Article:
In the mid-late nineties I lived in Auckland, and at the time I thought the best thing about the place was that from most locations you could be out of the city in less than 30 minutes. This says a lot about the quality of the motorways and how I felt about the hospitality scene, so when I went back the other day my hopes for the evening weren't high.
I stayed downtown on the Viaduct Basin, waiting for my flight the following morning, and I'm glad to say that my views on New Zealand's biggest city have changed. Post Rugby World Cup Auckland is a vibrant place, streets ahead of where I left it. The bar culture is thriving, and more importantly for our purposes here, the sake scene is coming along well. I'd have to say that despite Auckland's relative isolation, it's extremely well served on the sake front.
First port of call was Cocoro Restaurant, just off Ponsonby Road. I've been wanting to visit Cocoro ever since seeing it in a magazine while visiting Amabuki Brewery in Saga, and I wasn't disappointed. The food was excellent, and the options from the sake fridge would embarrass most restaurants in Tokyo. Unsurprisingly enough, Amabuki was well represented on the menu, but the selection is vast, with a diverse range on offer (my recommendation on the combination front, try the free-range chicken thigh with a nicely chilled yamahai).
I was lucky enough to have a chat with Chef Makoto, and on his recommendation I made a booking for Soto for later that night.
Soto, despite what the helpful concierge assured me, is at the distant end of Ponsonby from K-road. It's been serving quality Japanese cuisine for just on a decade, and is another must visit destination on your next sake tour of New Zealand. The Agedashi tofu was great, and the venison tataki is another item you need to try. After some Kozaemon Tokubetsu Junmai (it’s good to see two of my favourite breweries doing so well in my home country), and some Migaki Genshu, it was time to move on.
Last, but not least, was Ebisu, a busy bar restaurant back on the Viaduct. This was another venue I've been wanting to check out, based on the recommendation of good customers at my old work in Sydney. Though I didn't have a chance to try the food, the sake specialist knew his stuff, and the range on the menu was again, excellent.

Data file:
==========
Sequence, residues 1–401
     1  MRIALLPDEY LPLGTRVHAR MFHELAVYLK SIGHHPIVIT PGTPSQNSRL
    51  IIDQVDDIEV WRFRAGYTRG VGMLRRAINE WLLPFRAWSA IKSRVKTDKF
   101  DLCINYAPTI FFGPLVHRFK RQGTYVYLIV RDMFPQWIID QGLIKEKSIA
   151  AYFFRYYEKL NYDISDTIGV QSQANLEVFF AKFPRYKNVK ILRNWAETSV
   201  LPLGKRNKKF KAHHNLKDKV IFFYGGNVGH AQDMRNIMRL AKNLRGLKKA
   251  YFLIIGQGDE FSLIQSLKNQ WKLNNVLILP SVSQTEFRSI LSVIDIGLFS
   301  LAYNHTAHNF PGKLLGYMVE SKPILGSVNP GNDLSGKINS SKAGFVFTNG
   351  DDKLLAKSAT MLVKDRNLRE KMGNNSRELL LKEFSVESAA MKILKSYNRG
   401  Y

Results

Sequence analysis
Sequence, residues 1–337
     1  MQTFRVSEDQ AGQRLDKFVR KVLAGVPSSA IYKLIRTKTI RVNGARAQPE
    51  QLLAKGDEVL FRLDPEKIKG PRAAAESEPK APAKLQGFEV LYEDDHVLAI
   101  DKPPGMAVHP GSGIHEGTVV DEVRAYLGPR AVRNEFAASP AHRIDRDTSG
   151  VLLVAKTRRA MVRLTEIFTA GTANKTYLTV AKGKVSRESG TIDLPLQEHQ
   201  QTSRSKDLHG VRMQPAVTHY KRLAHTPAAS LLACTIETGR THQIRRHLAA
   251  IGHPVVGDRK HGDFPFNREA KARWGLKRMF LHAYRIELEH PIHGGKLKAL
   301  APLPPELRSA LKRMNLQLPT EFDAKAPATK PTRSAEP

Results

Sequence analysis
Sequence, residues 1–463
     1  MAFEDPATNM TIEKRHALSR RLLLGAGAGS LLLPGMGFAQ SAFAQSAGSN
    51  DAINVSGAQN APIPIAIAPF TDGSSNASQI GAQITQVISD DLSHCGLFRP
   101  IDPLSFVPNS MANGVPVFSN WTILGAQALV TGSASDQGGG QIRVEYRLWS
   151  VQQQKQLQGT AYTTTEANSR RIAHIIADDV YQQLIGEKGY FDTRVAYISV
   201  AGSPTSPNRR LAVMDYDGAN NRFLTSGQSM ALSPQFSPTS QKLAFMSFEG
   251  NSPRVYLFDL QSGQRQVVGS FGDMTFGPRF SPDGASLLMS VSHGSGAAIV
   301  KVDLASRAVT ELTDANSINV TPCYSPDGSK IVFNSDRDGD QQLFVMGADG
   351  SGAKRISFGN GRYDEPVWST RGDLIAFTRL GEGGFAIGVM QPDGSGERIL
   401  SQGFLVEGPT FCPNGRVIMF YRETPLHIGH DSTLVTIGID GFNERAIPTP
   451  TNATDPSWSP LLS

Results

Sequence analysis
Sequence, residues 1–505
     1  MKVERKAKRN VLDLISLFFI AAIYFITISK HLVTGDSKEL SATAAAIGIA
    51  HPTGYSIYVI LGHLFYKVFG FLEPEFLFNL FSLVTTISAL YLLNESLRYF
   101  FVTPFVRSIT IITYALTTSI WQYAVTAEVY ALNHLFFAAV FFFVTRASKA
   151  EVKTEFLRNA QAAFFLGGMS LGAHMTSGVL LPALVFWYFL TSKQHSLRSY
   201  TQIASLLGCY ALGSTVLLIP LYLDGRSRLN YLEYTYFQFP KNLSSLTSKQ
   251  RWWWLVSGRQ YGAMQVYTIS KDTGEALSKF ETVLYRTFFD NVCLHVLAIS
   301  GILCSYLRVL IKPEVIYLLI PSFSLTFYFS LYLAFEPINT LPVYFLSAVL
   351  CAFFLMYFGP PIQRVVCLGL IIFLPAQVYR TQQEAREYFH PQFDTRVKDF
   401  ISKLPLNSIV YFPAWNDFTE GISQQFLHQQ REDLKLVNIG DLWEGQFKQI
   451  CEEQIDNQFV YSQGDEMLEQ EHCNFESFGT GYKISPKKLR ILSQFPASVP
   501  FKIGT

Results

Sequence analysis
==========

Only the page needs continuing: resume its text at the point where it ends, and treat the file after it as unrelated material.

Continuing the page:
It's true, the motorways are more congested and its harder to leave Auckland than it used to be, but with the sake scene the way that it is, and the food at the level it is, maybe it's worth hanging around a bit, anyway.
Oh well, next stop, Japan.
Now I wonder if I can find some quality sake there…
According to Wayne Shennen, good bartending is all about balancing flavours. “The subtlety of each ingredient should shine through,” explains the passionate New Zealander, a trained sake sommelier and one of Sydney’s most respected bartenders at award-winning Saké Restaurant & Bar. “If you can taste what you’re drinking, you tend to treat alcohol with more respect.”a
Having earned his stripes behind bars in Sydney and the UK, Wayne is now gaining a following of fans who appreciate his original cocktail mixes and extensive knowledge of sake and shochu.
“At Saké Sydney I’m given free reign to play – our bar staff all have a great knowledge of classic cocktails and we use this as the basis for getting innovative. We also have access to the world’s finest sake and shochu varieties,” says Wayne. “My goal is to make Saké famous for its drinks!”
Saké Restaurant & Bar
Hamer Hall, Arts Centre Melbourne, 100 St Kilda Rd, Melbourne VIC 3004
T. 03 8687 0775
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